Amazon is having 12 days of product deals, and today’s deal is Netgear mesh Wi-Fi wall plugs. It creates a mesh Wi-Fi network that blankets your home in super fast, seamless Wi-Fi — room to room, wall to wall, floor to floor. Replaces your old router, works with your modem and internet service provider. Featuring a slim profile these wall-plug satellites make it super easy to extend your Wi-Fi to any room with a standard electrical outlet, just plug it in and stream with speed. They’re up to 123% faster than the leading brands, as certified by an independent study, makes Orbi the highest performance mesh Wi-Fi system on the market. They also eliminate Wi-Fi dead zones and buffering — 5,000 square feet of consistent coverage — at speeds up to 2.2 Gbps (gigabytes per second). You’ll get simple setup with the Orbi app — create guest network, access parental controls, and run speed tests right from the app. Amazon: US$199 (Regular price US$299)
APFS has been available on our Macs for a year now, and we’re beginning to see the issues with corruption that can’t be yet be solved by Apple or third party utilities. Wi-Fi is changing names… and getting faster! And folks, Backups are still important! All this and more in this week’s Mac Geek Gab. Press play and enjoy!
Don’t get caught, folks. That’s what we say, and that’s what we mean. This week that takes shape with advice about when to install macOS Mojave, finding the right place(s) to buy inexpensive tech, and extending your Wi-Fi network the right – and fun – ways. Oh, and there’s more, too. You’ll just have to listen, OK?
I’ve been researching security cameras, and Reolink has a camera called Argus Pro with a nifty feature: you can power it from an optional solar panel. That’s extra handy in that it’s wireless and rechargeable, meaning the solar panel can keep it going without you having to wire up the outside of your house. It records 1080p video, has a motion sensor, has night vision (up to 33 feet), and using WiFi, it can stream to your smartphone or computer. It will do motion detection recording, and it records to an optional SD card with an internal slot. It does two-way audio, and it’s weatherproof, too. The Argus Pro is available now for $99 for one camera (Amazon link), or $124.99 with one camera and the solar panel.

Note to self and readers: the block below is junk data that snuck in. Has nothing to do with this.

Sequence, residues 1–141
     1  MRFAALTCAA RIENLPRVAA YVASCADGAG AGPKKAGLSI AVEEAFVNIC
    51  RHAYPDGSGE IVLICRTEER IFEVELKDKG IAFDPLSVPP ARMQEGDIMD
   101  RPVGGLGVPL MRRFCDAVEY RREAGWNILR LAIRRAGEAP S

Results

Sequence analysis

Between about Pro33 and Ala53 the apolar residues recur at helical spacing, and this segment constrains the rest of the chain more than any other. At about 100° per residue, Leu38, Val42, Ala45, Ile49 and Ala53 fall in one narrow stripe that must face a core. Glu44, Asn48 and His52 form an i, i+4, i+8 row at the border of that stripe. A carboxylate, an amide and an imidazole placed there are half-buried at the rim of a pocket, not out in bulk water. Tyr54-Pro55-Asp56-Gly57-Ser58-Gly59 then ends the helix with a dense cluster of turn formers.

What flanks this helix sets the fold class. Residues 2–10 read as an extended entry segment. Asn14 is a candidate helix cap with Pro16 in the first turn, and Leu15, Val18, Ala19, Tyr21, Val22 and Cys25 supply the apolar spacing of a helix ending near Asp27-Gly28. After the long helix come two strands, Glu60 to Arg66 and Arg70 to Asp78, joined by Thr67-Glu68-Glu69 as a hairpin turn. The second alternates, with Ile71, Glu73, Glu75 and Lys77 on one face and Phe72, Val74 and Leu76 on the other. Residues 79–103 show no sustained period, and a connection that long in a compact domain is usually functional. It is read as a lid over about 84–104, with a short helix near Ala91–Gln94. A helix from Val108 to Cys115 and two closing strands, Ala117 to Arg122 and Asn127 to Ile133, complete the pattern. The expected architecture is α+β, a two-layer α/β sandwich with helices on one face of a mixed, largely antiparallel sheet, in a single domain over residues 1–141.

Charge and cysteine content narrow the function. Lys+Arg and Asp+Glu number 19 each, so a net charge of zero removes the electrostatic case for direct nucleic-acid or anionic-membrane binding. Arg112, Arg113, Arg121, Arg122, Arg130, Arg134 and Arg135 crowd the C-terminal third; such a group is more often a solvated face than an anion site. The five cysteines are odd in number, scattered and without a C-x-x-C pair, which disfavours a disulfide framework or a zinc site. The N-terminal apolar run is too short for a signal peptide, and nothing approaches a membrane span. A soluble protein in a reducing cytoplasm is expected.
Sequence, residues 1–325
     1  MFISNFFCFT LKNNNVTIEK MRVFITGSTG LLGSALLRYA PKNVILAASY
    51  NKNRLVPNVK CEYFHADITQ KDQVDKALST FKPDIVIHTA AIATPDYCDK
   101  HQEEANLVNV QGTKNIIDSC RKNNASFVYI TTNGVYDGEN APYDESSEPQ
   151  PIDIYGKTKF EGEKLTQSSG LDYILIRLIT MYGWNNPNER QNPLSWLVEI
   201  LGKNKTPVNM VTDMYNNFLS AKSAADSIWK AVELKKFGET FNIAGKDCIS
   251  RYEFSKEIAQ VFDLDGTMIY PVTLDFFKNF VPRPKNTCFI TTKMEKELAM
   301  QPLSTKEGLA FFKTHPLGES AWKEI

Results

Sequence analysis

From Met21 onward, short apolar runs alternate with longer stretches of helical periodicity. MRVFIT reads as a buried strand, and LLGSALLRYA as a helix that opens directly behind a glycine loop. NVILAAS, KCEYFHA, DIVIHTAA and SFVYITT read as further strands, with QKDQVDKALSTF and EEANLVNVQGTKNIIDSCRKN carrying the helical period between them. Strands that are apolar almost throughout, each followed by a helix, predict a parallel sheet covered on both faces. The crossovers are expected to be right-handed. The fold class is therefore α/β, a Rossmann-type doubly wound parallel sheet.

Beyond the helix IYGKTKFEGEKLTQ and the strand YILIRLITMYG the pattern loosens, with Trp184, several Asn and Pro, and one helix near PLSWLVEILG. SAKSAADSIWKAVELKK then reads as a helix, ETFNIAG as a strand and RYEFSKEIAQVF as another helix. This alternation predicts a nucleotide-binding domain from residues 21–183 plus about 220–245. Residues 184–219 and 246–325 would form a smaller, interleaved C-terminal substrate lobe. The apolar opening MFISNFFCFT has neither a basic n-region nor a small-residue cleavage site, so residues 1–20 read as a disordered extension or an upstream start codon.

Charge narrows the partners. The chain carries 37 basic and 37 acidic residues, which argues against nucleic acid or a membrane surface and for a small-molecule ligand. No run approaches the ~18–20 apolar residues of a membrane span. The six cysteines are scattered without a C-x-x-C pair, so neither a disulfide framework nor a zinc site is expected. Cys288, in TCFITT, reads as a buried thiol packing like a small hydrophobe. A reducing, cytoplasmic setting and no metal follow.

Alf Watt is an experienced software developer with expertise in macOS, iOS and wireless technology. He operates iStumbler Labs, most notably the Wi-Fi monitoring app iStumbler. He’s also a former Apple employee. As a youth, Alf’s first computer was a Commodore 64, and he leaned how to enter the code for computer games. Later, with a Mac plus, Alf learned HyperCard. Alf’s first serious language, however, was Perl. At Apple, Alf became deeply in involved with Wi-Fi and Apple’s AirPort technology, and that provided a foundation for his legendary iStumbler app. That app is now in Mac App Store. We finished with Alf’s description of his new tool called KitBridge which allows iOS developers to bring apps to macOS. Alf is an engaging personality in the Apple world, and you’ll enjoy his stories.
Apple released Wi-Fi Update for Boot Camp 6.4.0 on Thursday, an update that patches two vulnerabilities for Mac users booted into Windows using Boot Camp.
Mac Geek Gab listener Daniel has a tip for us when it comes to using spaces in your Wi-Fi SSID name.
My thanks to eero for coming on board to sponsor our WWDC 2018 coverage here at TMO this year. It’s not just WWDC coverage that eero values, it’s Wi-Fi coverage. Imagine having your whole home blanketed in fast, reliable Wi-Fi that just works. Now imagine that you don’t have to imagine that anymore. eero’s mesh Wi-Fi not only gives you Wi-Fi coverage for your whole home – yes, including those pesky dead spots you’ve fought with for years – eero does it in a super-simple way.
Comcast joined the Wi-Fi mesh market on Tuesday with the official launch of its xFi Pods. The plug-size devices extend the range of Comcast’s Xfinity broadband Wi-Fi network in your home.
John Martellaro and Andrew Orr join Jeff Gamet to discuss the T-Mobile and Sprint merger along with 5G networks, plus they respond to listener comments on Apple dropping its AirPort product line.